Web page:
Iranian judiciary authorities have referred the case of a detained Washington Post journalist to Tehran’s Revolutionary Court, a news agency reported Wednesday, in a move that appears to set the stage for a review before a possible trial.
A statement by Tehran prosecutor Abbas Jafari Dolatabadi, cited by the semiofficial Iranian Students’ News Agency (ISNA), said the court file on Jason Rezaian has moved to the Revolutionary Court for “processing.”
The phrase suggests that the charges against him, which have not been made public, could be studied by the court before it decides whether to set a trial date or keep the case in a holding pattern. The Revolutionary Court handles Iran’s most sensitive cases.
Dolatabadi’s brief statement said, “After the issuance of indictment, the case against Jason Rezaian has been referred for processing to Tehran’s Revolutionary Court.”
Rezaian, The Post’s bureau chief in Tehran, has been held in an Iranian prison for more than five months without access to a lawyer.
He was officially charged Dec. 6, but he does not know the exact allegations against him, other than that they pertain to purported “activities outside the bounds of journalism,” his mother and brother said in a recent interview.
Martin Baron, executive editor of The Post, said in a statement: “We still do not know what charges the Iranian authorities have brought against our correspondent Jason Rezaian, but we hope the referral of his case to a Revolutionary Court represents a step forward toward Jason’s prompt release.
“This step gives Iran’s judiciary an opportunity to demonstrate its fairness and independence by determining that the charges are baseless. We call on Iran to make these charges public, to allow Jason access to a lawyer and to bring a swift and just resolution of a six-month-long nightmare that has been extremely difficult for Jason and his family.”
Secretary of State John F. Kerry and other U.S. negotiators have repeatedly raised Rezaian’s case during talks on Iran’s nuclear program. Rezaian, 38, has dual U.S.-Iranian citizenship.
Earlier Wednesday in Geneva, Iranian Foreign Minister Mohammad Javad Zarif said in remarks before a series of meetings with Kerry that his government is willing to provide “humanitarian assistance” to Rezaian as courts work to resolve the case.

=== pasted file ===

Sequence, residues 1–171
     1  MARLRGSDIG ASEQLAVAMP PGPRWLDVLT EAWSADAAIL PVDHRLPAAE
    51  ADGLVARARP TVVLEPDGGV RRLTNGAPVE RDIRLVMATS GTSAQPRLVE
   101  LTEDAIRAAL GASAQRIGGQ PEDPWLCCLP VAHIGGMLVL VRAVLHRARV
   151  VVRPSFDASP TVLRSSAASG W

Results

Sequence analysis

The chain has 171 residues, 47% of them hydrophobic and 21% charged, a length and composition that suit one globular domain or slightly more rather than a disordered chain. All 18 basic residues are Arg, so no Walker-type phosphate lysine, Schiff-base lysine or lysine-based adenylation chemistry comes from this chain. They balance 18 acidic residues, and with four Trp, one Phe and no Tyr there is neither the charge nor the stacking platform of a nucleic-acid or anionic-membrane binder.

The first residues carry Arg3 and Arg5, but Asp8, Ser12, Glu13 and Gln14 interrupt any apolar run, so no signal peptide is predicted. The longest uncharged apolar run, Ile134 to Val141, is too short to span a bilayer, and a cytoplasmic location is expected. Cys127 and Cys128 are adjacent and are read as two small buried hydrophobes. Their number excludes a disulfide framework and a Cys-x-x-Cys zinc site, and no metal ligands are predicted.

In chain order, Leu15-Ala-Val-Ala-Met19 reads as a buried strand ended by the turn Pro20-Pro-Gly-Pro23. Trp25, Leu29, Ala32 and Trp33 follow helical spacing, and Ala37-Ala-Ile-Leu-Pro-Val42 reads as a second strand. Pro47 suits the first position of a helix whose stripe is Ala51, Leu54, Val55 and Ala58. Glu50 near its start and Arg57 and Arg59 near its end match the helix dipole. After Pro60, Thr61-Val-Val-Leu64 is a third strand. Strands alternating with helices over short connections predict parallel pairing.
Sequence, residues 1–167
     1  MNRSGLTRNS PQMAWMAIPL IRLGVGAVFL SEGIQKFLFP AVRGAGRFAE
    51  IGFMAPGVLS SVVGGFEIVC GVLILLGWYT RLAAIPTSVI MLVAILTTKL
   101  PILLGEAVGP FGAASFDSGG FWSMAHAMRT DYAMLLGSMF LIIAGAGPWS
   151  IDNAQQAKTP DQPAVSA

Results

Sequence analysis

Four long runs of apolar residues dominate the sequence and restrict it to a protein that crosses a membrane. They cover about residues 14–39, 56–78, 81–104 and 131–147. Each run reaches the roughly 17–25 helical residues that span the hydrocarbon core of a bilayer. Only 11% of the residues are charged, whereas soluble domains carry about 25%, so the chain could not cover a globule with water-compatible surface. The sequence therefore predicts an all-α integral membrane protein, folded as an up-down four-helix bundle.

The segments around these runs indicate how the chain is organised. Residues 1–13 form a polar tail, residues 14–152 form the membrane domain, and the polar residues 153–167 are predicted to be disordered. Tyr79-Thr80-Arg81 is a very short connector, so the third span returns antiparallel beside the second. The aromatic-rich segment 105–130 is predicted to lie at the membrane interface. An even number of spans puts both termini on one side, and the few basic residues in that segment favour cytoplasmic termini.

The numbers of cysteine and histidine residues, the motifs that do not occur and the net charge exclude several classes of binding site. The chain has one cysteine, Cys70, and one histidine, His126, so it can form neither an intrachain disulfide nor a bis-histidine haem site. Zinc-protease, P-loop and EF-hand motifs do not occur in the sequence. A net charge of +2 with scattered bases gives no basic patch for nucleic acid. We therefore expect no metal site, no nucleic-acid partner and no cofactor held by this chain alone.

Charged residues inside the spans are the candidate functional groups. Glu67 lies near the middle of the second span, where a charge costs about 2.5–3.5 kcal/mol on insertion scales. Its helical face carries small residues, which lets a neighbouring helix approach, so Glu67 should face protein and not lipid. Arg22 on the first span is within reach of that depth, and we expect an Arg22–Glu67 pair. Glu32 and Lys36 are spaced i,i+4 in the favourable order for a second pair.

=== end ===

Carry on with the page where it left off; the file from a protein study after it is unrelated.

“The government is doing its best to be of assistance,” Zarif said. But he said the case remained under the jurisdiction of Iran’s powerful judiciary, which is directly overseen by the ruling clerics.
“This is a judicial matter, so we will have to wait for the judiciary to move forward. But we will try to provide all the humanitarian assistance that we could,” he said.
“We hope that this issue will be resolved,” Zarif said.
He also said he was pleased that Rezaian’s mother was able to visit him in prison twice at the end of December.
Mary Breme Rezaian expressed alarm over her son’s weight loss and concern for his health, which has deteriorated during his lengthy confinement.
She also met with her son’s “interrogator,” ISNA said, citing the prosecutor’s statement.
Kerry raised the issue of Rezaian’s detention in his meetings with Zarif, according to senior State Department officials, who spoke on the condition of anonymity to discuss the sensitive negotiations.
One of them said the United States was aware of the reports that Rezaian’s case has been referred to a court. “We continue to monitor the situation closely and are seeking further information,” the official said.
The State Department officials also said Kerry expressed concern for three other Americans in prison or otherwise unaccounted for in Iran. Among the three is Amir Hekmati, a Marine veteran who has been held by the country since August 2011.
Hekmati, who has dual U.S.-Iranian citizenship, was captured while visiting his grandmother in Iran, his family says. Tehran has accused him of being a CIA spy, a charge that Hekmati and the U.S. government deny.
Morello reported from Geneva.